The law of defamation is designed to protect an individual’s reputation, while still maintaining the right to free speech. In South Australia it is governed by the common law and the Defamation Act. Previously, defamation was divided into two categories – libel and slander – but now it is all called defamation. To prove defamation there are three elements – that the material was communicated to another person/s, that the material identifies someone and the material is defamatory. The particular person does not have to be specifically identified in the statement if the words used cause people who know the complainant to believe that they are being referred to in the material.
The test of whether a statement is defamatory depends on the standards of the community as a whole and that of a section or group. It is not a defence that a person was only repeating what another said, or that the person who heard or read it did not believe it. Depending on the amount of damages sought, actions can be brought in the Supreme, District or Magistrates Court. In deciding how much to award in defamation proceedings, the court must ensure that there is an appropriate and rational relationship between the harm suffered and the amount awarded.
- Innocent dissemination protects people such as newsagents, booksellers and internet service providers who unwittingly publish defamatory matter.
- Truth, but the defamer must prove that all of the material is substantially correct.
- If the matter contains several claims, some true and some not and the plaintiff’s reputation is not harmed any more than it would be from only the claims that are true.
- If the words used are not a statement of fact but of opinion. The words must be considered in context. The opinions must be based on facts, be fair and honestly held and not motivated by malice.
- If it is in public interest, which includes statements about the conduct of people holding public office and comments on artistic works such as books and plays or a review of a restaurant’s food. The Act provides a defence of honest opinion if the opinion concerns a matter of public interest and is substantially true or is based on privileged material.
- If protected by absolute privilege there can be no defamation even if the words are false and published with malice. This includes statements made in parliamentary proceedings and some communications between government officials in their official duties.
- Qualified privilege occurs where the person making the statement has a legal, social or moral duty to comment and the recipient has an interest to receive it. It includes giving a reference for a job applicant, communications between teachers and parents or between employers and employees. The person making the statements must not be motivated by malice and must believe that what they say is true.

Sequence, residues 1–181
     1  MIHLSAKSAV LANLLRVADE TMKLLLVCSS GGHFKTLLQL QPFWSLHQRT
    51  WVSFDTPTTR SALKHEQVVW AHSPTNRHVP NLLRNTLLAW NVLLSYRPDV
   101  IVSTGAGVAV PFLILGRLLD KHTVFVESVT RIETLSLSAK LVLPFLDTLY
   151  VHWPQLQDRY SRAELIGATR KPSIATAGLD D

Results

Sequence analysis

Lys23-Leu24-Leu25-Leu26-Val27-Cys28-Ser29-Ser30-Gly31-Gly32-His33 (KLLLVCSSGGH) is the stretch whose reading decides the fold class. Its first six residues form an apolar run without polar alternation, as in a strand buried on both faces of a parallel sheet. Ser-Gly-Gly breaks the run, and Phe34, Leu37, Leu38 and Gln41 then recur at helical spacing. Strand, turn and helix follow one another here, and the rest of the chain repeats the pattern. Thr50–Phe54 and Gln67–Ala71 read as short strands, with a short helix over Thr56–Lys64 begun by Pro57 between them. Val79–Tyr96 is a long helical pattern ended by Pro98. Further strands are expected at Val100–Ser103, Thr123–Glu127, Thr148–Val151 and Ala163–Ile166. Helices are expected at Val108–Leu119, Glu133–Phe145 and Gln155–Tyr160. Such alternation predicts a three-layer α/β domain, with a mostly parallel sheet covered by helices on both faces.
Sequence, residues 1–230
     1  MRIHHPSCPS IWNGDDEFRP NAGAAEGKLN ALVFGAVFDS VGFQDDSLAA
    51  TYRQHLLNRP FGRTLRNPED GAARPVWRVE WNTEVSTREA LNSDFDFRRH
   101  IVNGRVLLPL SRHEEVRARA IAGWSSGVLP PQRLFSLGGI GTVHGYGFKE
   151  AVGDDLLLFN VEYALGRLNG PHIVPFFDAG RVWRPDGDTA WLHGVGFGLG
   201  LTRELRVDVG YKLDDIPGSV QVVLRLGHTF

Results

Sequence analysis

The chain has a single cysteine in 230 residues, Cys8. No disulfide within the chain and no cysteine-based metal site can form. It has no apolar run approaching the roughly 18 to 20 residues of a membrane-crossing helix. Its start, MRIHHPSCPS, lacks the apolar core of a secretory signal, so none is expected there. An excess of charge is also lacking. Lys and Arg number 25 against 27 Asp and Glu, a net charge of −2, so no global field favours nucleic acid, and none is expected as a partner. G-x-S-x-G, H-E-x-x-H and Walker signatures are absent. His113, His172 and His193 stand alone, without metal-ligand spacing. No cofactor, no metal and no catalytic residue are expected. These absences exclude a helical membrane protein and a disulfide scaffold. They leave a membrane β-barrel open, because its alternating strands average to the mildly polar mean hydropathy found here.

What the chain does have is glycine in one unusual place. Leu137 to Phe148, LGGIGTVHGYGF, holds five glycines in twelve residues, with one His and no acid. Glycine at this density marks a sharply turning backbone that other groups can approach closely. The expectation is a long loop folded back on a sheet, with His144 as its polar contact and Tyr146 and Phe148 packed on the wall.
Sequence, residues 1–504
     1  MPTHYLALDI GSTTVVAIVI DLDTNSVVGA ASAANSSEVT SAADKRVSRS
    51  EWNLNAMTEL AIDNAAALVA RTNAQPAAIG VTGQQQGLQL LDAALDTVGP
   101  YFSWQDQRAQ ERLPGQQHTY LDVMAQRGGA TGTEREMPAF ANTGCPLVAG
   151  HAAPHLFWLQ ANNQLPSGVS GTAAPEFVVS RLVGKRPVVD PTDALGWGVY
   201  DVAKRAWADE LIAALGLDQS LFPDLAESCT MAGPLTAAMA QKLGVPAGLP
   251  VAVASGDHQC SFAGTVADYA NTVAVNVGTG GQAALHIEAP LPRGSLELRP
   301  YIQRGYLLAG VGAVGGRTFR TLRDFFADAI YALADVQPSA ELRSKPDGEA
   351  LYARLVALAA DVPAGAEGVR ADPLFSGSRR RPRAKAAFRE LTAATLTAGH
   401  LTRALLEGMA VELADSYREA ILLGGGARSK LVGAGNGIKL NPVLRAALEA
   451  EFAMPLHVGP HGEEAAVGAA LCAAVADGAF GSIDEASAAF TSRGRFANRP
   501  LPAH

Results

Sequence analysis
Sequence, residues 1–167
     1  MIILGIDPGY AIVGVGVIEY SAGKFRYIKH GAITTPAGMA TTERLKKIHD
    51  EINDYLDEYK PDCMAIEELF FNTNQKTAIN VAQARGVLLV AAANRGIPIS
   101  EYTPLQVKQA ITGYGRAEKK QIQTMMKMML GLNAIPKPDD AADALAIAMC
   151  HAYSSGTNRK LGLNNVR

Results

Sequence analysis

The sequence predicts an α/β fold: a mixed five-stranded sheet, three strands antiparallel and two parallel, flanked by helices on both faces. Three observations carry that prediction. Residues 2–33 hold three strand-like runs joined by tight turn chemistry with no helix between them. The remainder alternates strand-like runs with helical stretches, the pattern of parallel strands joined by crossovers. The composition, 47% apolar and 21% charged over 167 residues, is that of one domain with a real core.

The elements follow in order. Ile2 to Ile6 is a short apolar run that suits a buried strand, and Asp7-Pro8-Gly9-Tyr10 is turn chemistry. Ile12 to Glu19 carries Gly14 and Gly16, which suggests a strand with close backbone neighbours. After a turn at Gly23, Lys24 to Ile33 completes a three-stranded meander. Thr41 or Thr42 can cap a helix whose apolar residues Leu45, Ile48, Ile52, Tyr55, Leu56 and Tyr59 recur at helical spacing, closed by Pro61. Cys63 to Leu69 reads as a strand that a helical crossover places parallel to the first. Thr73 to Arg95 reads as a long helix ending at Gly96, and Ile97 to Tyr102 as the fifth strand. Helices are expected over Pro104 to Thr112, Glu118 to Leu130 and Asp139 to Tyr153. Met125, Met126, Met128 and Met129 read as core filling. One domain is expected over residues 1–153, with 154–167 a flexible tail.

- If it is a report of certain proceedings, including parliamentary, judicial and government proceedings and incorporated company shareholders meetings.
- If the words were not intended to be taken seriously, were a joke or part of vulgar abuse and as such did not have a defamatory meaning to those hearing or seeing the words.
- If the statement was one that was unlikely to cause the plaintiff any harm, there is a defence of triviality.
- The Whistleblowers Protection Act protects someone who discloses corruption, mal-administration, waste, or illegal conduct in the public sector. In the private sector, it can also protect whistleblowers who disclose corruption provided it is reported to a Government Minister or the appropriate authority. However, they are only protected if they believe that the statements are true.
- If a publisher receives notice from someone who claims to have been defamed, the publisher can formally offer to make amends. This must include publishing a correction and paying any expenses incurred by the person defamed. It may include an apology and an offer of compensation. It must be made within 28 days. If accepted, it ends the matter. If not, and is later found by the court to be a reasonable offer, then it is a defence to legal action.
- An apology is not a defence. If a publisher apologises, it is not an admission of fault and can’t be used against them. However, a properly published apology minimises the damage done by the publication and it can be used to reduce damages.
Some groups of people cannot sue for defamation, but may be able to sue through another type of action called injurious falsehood. They must show that the statement is false and was intended to cause loss and there has to be an actual financial loss. The groups that cannot sue for defamation are;
- Public bodies such as local councils. However, individuals employed by or elected to government authorities may be able to sue in defamation.
- Unless their group is so small that a person can show they were identifiable, general groups (such as lawyers, doctors, Catholics, Greeks).
- A group that is not a legal entity (such as social clubs and unincorporated associations).Again, if the group is small enough, individuals may sue.
- A company which employs more than 10 people.
- A dead person.
There is an offence of criminal defamation under South Australian law. The Criminal Law Consolidation Act states that the publishing of defamatory material with the intention to, or with reckless indifference to whether it would, cause serious harm carries a maximum penalty of 3 years imprisonment. The defences available to this charge are the same as available in a civil defamation action.